The 125-foot Time superyacht made headlines when it was launched in 1987. Now the rare aluminum hull has been sunk to serve as an artificial reef in Fort Pierce, Florida.
The abandoned boat has been selected by the Marine Cleanup Initiative as a 'marine restoration project' to be used to benefit local coral reef and fish populations, as well as provide safe observation grounds for divers and tourists.
When the 125-foot Time was built by Palmer Johnson in Sturgeon Bay, Wisconsin, it was one of the first superyachts to be built with an aluminum hull and superstructure. In the late 80's, PJ was a widely respected builder with a reputation for modern, sleek, and high-performing motoryachts. They also had strong ties with other major players in the yachting world, like exterior designer Tom Fexas, and interior craftsman Espinosa Yacht Design.
The Time was a relatively midsize vessel for Palmer Johnson and crew at the time, but still boasted high-end performance capabilities courtesy of an ultra-low draught of only 5'7" (1.7 m) and twin V12 Detroit Diesel motors pushing 4800 hp. Her sleek design generated a top speed of 31 knots (35 mph). Her range was solid, too, with the ability to travel over 3500 nm (6400 km) at a cruising speed of 14 knots. (16 mph).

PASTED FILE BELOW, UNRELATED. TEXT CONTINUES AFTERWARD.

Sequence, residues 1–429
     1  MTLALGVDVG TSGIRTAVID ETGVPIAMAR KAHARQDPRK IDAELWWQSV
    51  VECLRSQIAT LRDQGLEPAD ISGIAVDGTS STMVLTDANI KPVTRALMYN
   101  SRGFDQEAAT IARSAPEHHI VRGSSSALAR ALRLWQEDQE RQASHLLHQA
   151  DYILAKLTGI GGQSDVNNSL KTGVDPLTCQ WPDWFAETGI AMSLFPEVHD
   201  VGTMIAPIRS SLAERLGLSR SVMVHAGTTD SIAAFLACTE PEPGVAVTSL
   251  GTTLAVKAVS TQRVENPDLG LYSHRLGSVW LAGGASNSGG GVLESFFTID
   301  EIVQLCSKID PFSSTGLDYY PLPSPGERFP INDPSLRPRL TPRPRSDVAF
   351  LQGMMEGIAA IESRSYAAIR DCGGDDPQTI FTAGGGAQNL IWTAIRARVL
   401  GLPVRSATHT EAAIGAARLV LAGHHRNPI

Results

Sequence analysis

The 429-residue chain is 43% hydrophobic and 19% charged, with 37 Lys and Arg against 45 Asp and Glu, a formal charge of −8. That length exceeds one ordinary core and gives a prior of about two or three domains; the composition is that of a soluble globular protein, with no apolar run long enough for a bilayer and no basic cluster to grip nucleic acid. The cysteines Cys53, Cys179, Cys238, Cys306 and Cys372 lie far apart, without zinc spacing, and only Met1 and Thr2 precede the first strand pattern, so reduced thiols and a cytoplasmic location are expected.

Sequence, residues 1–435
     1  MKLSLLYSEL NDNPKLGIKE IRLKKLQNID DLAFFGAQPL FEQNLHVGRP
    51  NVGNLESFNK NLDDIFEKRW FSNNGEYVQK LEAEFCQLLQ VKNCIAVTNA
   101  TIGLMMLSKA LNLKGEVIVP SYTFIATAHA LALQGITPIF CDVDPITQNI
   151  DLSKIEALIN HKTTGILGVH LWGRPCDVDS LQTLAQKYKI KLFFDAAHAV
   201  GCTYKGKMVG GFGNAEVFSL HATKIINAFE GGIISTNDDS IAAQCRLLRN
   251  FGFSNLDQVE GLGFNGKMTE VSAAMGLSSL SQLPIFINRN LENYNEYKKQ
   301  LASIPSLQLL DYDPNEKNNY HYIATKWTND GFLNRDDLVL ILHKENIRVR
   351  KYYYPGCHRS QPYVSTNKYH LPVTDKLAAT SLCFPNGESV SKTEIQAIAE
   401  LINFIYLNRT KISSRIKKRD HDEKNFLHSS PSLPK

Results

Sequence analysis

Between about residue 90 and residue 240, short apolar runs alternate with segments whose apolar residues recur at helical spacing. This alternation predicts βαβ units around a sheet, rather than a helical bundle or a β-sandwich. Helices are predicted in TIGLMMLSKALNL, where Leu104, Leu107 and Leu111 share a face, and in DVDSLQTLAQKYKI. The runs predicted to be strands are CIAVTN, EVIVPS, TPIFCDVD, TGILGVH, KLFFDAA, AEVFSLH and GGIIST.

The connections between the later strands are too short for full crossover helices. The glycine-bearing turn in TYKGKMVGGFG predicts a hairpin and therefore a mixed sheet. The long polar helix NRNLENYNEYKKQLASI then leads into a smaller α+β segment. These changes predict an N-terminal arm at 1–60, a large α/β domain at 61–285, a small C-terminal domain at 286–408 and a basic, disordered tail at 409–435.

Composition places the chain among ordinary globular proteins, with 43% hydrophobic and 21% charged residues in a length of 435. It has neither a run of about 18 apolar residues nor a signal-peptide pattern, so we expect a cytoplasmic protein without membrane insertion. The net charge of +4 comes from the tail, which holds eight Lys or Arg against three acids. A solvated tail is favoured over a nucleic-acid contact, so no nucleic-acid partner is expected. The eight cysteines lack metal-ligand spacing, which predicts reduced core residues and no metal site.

Despite her mystique and popularity, Time has spent the last 17 years rusting away at the Willis Custom Yachts yard in Martin County, Florida, just north of West Palm Beach.
But now she'll get a second life while providing a new place for life to flourish.
The yacht was scuttled on Saturday afternoon near the Fort Pierce Sportfishing Club. The artificial reef sits about 15 miles southeast of the Fort Pierce Inlet.
In a statement, MCI said: "Two hundred and sixty-four [tonnes] of stainless aluminium is expected to attract spores of Oculina varicosa," a species of ivory bush coral that has been reduced drastically globally.
Some 55 other vessels have already been sunk in the area to stimulate new reef growth. It's also expected to become a habitat for a variety of fish including wahoo, cobia, bonito, tuna, and sailfish.
"Our purpose in St. Lucie County is to help create an artificial reef program to help flourish the reef in our county to make it stronger and better," Arnold Stirzinger, president of the Marine Cleanup Initiative, told WPTV.
"This particular vessel will be down in depth at about 125-160," added Christa Stone, director of operations at MCI.
"We are expecting her to be full of white oculina, so she will actually be considered the first oculina nursery out of the oculina banks," Stone said. "The more we are being more proactive and preventative at trying to maintain the sustainability out here, we have a greater chance at a healthier ecosystem."
For 10 months, crews have been stripping Time down to its bare bones, leaving only the aluminum hull and superstructure. Now her remaining framework, which once included three staterooms, five crew cabins, and a massive helm station, will serve as refuge for Florida's marine wildlife.